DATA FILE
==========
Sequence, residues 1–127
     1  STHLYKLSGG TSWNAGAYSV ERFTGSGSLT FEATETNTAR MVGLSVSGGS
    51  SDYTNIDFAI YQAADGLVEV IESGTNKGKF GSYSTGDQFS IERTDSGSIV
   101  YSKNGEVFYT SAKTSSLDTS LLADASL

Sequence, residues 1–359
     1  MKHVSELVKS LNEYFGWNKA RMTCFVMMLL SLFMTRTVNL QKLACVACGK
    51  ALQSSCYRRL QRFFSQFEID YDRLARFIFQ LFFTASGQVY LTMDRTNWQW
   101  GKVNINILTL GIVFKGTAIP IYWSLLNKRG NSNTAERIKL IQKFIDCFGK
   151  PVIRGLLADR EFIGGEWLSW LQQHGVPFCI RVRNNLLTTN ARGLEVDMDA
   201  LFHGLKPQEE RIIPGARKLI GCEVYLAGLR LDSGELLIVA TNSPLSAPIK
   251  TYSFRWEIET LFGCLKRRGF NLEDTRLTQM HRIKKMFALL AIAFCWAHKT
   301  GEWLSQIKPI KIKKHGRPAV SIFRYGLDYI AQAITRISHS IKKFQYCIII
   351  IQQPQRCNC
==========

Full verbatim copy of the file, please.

Sequence, residues 1–127
     1  STHLYKLSGG TSWNAGAYSV ERFTGSGSLT FEATETNTAR MVGLSVSGGS
    51  SDYTNIDFAI YQAADGLVEV IESGTNKGKF GSYSTGDQFS IERTDSGSIV
   101  YSKNGEVFYT SAKTSSLDTS LLADASL

Sequence, residues 1–359
     1  MKHVSELVKS LNEYFGWNKA RMTCFVMMLL SLFMTRTVNL QKLACVACGK
    51  ALQSSCYRRL QRFFSQFEID YDRLARFIFQ LFFTASGQVY LTMDRTNWQW
   101  GKVNINILTL GIVFKGTAIP IYWSLLNKRG NSNTAERIKL IQKFIDCFGK
   151  PVIRGLLADR EFIGGEWLSW LQQHGVPFCI RVRNNLLTTN ARGLEVDMDA
   201  LFHGLKPQEE RIIPGARKLI GCEVYLAGLR LDSGELLIVA TNSPLSAPIK
   251  TYSFRWEIET LFGCLKRRGF NLEDTRLTQM HRIKKMFALL AIAFCWAHKT
   301  GEWLSQIKPI KIKKHGRPAV SIFRYGLDYI AQAITRISHS IKKFQYCIII
   351  IQQPQRCNC